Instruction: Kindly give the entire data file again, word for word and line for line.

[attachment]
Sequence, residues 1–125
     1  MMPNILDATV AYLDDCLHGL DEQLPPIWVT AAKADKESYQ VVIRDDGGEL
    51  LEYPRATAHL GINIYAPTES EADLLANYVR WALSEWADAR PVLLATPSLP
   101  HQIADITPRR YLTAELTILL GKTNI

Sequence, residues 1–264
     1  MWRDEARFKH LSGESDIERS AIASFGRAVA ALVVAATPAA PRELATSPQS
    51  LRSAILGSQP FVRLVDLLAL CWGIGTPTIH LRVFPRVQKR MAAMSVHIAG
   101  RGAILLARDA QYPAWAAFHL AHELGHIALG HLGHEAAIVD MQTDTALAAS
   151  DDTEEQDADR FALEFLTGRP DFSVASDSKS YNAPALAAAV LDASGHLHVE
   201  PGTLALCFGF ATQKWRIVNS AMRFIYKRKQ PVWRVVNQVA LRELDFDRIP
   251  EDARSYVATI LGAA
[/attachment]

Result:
Sequence, residues 1–125
     1  MMPNILDATV AYLDDCLHGL DEQLPPIWVT AAKADKESYQ VVIRDDGGEL
    51  LEYPRATAHL GINIYAPTES EADLLANYVR WALSEWADAR PVLLATPSLP
   101  HQIADITPRR YLTAELTILL GKTNI

Sequence, residues 1–264
     1  MWRDEARFKH LSGESDIERS AIASFGRAVA ALVVAATPAA PRELATSPQS
    51  LRSAILGSQP FVRLVDLLAL CWGIGTPTIH LRVFPRVQKR MAAMSVHIAG
   101  RGAILLARDA QYPAWAAFHL AHELGHIALG HLGHEAAIVD MQTDTALAAS
   151  DDTEEQDADR FALEFLTGRP DFSVASDSKS YNAPALAAAV LDASGHLHVE
   201  PGTLALCFGF ATQKWRIVNS AMRFIYKRKQ PVWRVVNQVA LRELDFDRIP
   251  EDARSYVATI LGAA